A study including more than 65,000 individuals in South Korea found that juveniles between the ages of 10 and 19 are just as likely as adults — if not more — to transmit SARS-CoV-2, the virus responsible for COVID-19.
The study used contact tracing to determine how likely an infected individual is to spread the virus to people who live within their home compared to those they come into contact with outside of the home. It is important to highlight several limitations present in the study that may have influenced or skewed the findings that are described in the article below. Furthermore, the study was pre-released in July 2020 in advance of its October 2020 publish date, and may see further edits before final publication.
Adolescents appear to spread SARS-CoV-2, the coronavirus responsible for COVID-19, as quickly and effectively as some adults, according to a study of more than 65,000 individuals in South Korea conducted during the onset of the 2020 pandemic.
In the context of this study, news reports making such claims are mostly accurate. However, there are some important caveats to note when interpreting the broader implications of the findings.
After the first case of COVID-19 in South Korea was discovered on Jan. 20, 2020, the nation adopted a “rigorous contact-tracing program” to track its spread throughout the population. Between the first reported case and March 27, researchers with the U.S. and Korea Centers for Disease Control and Prevention (CDC) tracked more than 5,700 individuals diagnosed with COVID-19 by analyzing GPS, credit card transactions, and closed-circuit television. More than 59,000 people had come into contact with the original “index patients,” allowing researchers to determine how likely an infected individual was to transmit the virus to those living in their home and beyond. While researchers did not set out to characterize transmission rates specific to age groups, the claim is a byproduct of the work.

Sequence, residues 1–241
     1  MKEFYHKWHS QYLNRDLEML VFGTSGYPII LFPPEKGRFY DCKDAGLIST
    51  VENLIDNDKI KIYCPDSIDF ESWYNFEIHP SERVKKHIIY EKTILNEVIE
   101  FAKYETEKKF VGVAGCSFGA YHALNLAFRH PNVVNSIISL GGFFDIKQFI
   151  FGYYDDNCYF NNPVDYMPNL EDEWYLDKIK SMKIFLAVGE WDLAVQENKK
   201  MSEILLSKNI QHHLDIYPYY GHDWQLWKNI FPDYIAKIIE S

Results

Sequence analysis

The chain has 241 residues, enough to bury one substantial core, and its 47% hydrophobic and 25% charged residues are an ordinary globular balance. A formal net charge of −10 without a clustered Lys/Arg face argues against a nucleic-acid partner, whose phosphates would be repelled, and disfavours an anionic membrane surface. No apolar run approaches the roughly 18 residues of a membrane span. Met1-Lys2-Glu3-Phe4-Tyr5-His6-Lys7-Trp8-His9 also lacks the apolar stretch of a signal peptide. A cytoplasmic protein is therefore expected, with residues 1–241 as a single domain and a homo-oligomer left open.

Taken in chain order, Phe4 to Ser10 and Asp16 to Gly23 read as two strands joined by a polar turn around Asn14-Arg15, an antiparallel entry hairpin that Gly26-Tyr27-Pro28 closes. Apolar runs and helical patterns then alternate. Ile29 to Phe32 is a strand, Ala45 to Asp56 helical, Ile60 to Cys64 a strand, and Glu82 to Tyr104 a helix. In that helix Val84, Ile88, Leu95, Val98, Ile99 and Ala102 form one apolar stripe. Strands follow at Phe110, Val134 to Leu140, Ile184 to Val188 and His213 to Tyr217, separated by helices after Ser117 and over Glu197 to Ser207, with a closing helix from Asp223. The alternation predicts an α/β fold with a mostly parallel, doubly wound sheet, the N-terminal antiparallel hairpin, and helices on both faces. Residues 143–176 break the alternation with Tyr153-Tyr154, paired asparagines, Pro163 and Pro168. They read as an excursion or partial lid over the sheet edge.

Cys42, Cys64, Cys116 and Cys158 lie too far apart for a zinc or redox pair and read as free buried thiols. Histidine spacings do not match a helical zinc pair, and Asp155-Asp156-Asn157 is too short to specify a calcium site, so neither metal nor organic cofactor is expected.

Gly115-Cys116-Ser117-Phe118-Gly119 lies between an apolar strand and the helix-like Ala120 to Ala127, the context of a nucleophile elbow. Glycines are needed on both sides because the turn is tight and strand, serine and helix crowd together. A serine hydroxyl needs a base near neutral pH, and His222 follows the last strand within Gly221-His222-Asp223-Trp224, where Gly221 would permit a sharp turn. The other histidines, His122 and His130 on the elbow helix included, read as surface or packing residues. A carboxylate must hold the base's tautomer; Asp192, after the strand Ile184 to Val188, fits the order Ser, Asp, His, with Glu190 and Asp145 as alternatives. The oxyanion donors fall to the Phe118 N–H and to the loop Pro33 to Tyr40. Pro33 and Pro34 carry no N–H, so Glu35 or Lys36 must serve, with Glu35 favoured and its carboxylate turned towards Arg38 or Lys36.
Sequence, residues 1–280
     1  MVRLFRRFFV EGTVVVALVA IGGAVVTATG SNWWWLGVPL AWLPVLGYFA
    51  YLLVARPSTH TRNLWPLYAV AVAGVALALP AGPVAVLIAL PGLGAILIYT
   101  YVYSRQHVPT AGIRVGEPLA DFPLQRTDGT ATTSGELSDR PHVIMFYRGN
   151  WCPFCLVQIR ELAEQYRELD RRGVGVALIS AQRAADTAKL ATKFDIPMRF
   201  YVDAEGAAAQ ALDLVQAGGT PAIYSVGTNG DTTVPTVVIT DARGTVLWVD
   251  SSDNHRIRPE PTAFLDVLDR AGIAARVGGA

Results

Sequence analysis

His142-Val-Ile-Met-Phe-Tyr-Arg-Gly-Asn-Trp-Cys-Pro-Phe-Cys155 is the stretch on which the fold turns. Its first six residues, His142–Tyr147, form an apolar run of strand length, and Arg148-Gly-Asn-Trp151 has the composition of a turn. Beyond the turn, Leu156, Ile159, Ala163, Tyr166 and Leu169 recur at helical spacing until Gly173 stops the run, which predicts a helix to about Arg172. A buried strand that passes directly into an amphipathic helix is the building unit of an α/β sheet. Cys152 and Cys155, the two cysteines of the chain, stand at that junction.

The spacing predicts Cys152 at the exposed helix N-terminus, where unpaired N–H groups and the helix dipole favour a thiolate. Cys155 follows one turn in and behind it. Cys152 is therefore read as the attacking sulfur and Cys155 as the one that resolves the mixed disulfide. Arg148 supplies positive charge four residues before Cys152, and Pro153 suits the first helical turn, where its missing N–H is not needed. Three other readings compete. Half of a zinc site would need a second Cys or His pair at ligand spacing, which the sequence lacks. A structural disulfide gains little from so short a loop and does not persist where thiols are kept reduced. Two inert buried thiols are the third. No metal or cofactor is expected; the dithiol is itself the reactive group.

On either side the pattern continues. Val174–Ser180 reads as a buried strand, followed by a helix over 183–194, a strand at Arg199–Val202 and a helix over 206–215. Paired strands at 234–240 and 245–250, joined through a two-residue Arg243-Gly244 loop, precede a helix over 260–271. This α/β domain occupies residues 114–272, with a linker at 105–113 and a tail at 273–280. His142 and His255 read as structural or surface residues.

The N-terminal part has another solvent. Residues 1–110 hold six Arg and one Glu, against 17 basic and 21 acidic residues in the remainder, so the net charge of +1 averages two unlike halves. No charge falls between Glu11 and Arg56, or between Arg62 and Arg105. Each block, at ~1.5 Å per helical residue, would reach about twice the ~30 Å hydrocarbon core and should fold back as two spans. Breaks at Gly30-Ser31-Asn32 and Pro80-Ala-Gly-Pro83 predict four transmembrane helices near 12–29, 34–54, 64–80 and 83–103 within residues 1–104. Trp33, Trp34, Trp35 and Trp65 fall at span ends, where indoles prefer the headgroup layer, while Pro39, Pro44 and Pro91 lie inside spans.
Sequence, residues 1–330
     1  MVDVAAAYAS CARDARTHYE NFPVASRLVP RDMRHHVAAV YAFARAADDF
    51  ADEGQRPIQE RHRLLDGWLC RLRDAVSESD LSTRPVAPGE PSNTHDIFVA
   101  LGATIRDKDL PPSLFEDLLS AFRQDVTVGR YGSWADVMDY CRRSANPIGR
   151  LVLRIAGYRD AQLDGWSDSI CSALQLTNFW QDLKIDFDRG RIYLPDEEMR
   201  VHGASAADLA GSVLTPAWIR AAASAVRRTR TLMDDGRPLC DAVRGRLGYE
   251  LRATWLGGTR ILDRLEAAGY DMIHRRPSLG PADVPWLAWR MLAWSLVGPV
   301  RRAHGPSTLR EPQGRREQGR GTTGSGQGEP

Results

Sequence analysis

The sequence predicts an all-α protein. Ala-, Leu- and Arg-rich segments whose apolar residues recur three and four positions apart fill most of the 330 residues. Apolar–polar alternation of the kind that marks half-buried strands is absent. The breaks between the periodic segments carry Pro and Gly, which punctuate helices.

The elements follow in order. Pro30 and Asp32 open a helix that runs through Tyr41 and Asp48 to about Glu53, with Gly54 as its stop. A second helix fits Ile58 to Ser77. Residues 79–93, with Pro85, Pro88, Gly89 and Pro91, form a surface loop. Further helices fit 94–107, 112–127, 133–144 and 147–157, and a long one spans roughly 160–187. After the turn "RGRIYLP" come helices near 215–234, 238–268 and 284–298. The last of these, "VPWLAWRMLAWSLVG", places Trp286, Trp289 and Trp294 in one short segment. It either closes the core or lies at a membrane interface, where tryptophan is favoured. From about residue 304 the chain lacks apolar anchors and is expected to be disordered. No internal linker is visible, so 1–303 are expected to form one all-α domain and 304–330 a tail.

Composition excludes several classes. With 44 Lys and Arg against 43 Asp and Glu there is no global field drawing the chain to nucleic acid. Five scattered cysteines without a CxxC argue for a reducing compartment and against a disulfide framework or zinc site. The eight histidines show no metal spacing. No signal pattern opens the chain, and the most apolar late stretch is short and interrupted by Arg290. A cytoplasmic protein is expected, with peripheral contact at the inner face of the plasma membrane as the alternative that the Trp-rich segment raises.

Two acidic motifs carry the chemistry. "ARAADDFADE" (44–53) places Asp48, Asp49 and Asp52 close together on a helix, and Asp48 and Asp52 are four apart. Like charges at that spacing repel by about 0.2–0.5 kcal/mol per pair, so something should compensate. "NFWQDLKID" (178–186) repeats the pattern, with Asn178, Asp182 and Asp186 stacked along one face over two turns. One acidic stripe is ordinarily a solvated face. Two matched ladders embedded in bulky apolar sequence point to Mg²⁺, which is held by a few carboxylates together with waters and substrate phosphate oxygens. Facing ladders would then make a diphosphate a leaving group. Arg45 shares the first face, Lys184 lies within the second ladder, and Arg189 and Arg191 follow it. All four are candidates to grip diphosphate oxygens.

Children between 10 and 19 years of age were shown to have a higher transmission rate within their households than younger children and were thus able to spread the virus as efficiently as, and in some cases at higher rates than, adults. More specifically, this age group had a transmission rate of over 18% within their own household, which is much higher than adults between the ages of 20 and 59 (ranging 7 and 14.7%). On the other hand, adolescents were much less likely to spread the disease to others outside of their home, and though children under 10 were found to transmit less than adults, they are still believed to contribute to community transmission.
It is unclear why teens and tweens appear to be transmitting the disease more than adults, though the researchers speculate that it may be due to how children were socializing during the study period.
“We also found the highest COVID-19 rate for household contacts of school-aged children, and the lowest for household contacts of children [up to nine years] in the middle of school closure. Despite [the] closure of their schools, these children might have interacted with each other, although we do not have data to support that hypothesis,” wrote the authors.